3. Challenging case mix and variety. For many ophthalmologists, cataract, refractive error, diabetic retinopathy, glaucoma, and age-related macular degeneration will be the bulk of their clinical practice. In contrast, the neuro-ophthalmologist is asked to search for subtle or even misdiagnosed ocular or systemic pathology as the cause of vision loss or visual dysfunction. Atypical disease presentations are almost commonplace in the neuro-ophthalmologist's practice, allowing for an enormous variety and complexity of disease processes. There is no “routine day” for us in neuro-ophthalmology clinic as there is always an interesting patient to learn from, a case to present at grand rounds, or even to write up in a journal. Any day can hold a combination of corneal, retinal, optic nerve, rheumatologic, neurologic, infectious, or neurosurgical variety! This not only keeps us all on our toes, but helps motivate a productive and exciting work environment that is stimulating yet satisfying. We learn something new every day about advances in other fields like medicine, surgery, radiology, neurology, or neurosurgery. We enjoy being comprehensive ophthalmology's connection to our colleagues in the medical world and interacting on a daily basis with consultants in multiple disciplines.

These ideas and observations have been our collective experience, and we are both very grateful to have chosen this path and to have been given the opportunity to study neuro-ophthalmology. We believe that neuro-ophthalmology is truly a hidden gem in ophthalmology and is one of the most rewarding sub-specialties in the field of ophthalmology. Although often misunderstood and thought to be intimidating to many ophthalmologists, we believe that any comprehensive ophthalmology resident graduates with a desire to learn something new; a commitment to being a physician first; and interest in interacting with multiple disciplines in medicine. These qualities lead neuro-ophthalmology to be a personal and professionally rewarding career.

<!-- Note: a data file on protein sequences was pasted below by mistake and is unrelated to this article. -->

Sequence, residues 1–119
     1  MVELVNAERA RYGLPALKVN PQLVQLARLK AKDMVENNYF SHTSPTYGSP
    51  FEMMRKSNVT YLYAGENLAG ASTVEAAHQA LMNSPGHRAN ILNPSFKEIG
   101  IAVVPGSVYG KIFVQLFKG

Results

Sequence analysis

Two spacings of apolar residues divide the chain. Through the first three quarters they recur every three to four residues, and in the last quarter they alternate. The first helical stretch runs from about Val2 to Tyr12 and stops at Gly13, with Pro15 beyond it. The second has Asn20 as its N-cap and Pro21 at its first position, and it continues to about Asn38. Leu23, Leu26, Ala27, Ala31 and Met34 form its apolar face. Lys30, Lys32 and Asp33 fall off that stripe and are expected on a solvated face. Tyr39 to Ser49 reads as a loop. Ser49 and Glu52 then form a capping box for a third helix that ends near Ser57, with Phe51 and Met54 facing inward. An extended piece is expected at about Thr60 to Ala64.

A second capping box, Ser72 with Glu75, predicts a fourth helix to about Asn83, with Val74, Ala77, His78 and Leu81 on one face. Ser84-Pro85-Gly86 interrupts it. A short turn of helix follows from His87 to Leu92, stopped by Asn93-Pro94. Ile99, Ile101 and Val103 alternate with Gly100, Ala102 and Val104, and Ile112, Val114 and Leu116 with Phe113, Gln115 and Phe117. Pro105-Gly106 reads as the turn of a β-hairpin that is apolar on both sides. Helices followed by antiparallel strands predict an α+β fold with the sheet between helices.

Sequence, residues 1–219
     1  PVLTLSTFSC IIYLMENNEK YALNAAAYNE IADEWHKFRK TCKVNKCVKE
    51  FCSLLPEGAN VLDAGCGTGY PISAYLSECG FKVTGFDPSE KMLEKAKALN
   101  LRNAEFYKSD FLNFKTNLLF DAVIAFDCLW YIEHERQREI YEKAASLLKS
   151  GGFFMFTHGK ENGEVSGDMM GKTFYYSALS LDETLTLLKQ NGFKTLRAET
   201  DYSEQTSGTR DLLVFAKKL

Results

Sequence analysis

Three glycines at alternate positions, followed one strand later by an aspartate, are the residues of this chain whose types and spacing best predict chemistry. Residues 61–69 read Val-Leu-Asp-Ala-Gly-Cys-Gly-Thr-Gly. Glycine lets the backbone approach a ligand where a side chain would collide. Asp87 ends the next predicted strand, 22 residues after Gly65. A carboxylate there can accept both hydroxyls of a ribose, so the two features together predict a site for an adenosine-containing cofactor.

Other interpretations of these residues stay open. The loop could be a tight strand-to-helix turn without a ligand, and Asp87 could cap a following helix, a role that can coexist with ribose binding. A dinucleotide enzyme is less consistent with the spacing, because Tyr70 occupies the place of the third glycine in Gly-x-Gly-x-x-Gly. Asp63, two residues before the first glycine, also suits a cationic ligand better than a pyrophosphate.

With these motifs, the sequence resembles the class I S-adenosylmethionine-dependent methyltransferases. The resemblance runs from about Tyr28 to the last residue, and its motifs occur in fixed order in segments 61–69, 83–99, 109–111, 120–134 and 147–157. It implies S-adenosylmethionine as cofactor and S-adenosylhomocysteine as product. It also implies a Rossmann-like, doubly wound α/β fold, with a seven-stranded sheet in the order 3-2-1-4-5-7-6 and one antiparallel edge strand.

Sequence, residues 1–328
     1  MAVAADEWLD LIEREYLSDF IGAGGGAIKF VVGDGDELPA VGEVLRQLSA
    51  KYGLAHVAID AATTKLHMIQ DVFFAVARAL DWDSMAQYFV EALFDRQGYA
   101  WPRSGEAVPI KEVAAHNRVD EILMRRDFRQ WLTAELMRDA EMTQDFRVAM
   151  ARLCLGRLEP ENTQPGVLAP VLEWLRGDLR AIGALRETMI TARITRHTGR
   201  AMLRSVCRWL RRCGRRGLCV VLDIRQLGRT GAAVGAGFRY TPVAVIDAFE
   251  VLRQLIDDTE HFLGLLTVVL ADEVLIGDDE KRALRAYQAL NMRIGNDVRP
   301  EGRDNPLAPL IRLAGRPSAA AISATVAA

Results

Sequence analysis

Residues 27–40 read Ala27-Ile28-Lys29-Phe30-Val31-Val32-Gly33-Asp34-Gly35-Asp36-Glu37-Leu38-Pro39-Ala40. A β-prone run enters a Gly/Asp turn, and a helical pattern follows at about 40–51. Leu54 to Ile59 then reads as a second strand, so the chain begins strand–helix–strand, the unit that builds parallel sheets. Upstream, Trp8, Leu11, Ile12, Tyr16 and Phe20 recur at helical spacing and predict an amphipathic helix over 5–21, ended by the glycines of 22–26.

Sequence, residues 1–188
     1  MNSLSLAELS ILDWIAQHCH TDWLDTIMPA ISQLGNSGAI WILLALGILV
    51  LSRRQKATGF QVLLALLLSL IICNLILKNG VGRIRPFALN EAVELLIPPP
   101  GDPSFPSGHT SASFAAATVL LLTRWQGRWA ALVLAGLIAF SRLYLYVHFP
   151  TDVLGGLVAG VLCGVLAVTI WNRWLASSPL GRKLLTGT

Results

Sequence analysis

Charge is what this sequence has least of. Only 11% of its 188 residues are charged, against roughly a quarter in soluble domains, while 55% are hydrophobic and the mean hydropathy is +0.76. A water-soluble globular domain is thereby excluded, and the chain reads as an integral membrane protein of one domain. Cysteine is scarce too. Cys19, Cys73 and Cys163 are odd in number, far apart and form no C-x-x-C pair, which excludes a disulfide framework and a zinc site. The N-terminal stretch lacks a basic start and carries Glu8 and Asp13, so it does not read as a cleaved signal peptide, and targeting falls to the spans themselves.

The most commonly cited myths cited by ophthalmology residents for not choosing neuro-ophthalmology as a career are “too little surgery,” “too difficult subject matter”, and “too few jobs.” Choosing neuro-ophthalmology as a career does not necessarily mean abandoning the operating room forever. Many practicing neuro-ophthalmologists, in fact, combine medical neuro-ophthalmology with surgical practice in strabismus (e.g., ocular motor cranial neuropathies), glaucoma, or oculoplastics and orbit. The complementary nature of neuro-ophthalmology with these particular surgical subspecialties also creates a specialist with a unique perspective for an academic setting. Although the material is sometimes intimidating to the ophthalmologist, it is a matter of exposure and not difficulty or complexity. We believe that a single year of neuro-ophthalmology fellowship is sufficient to allow the graduating fellow to master the neuroanatomic pathways of the visual system and the major neurologic, systemic, and neurosurgical disorders affecting vision. The gap in knowledge about neuro-ophthalmology in neurology and neurosurgery makes it imperative that a trained neuro-ophthalmologist is available to assist in the care of these patients. Finally, there is typically more demand than supply for the neuro-ophthalmologist, and whole parts of the globe have few or no neuro-ophthalmologists. A trained neuro-ophthalmologist reaching out to these underserved areas will have no problem finding patients.

In summary, we encourage the young eye resident to consider pursuing further study in neuro-ophthalmology. We can certainly attest to the fact that it will bring rewards far greater than you could imagine.

Footnotes

Source of Support: This work was supported in part by an unrestricted grant from Research to Prevent Blindness (RPB) to the University of Texas Medical Branch, Galveston, Texas, USA.

Conflict of Interest: None declared.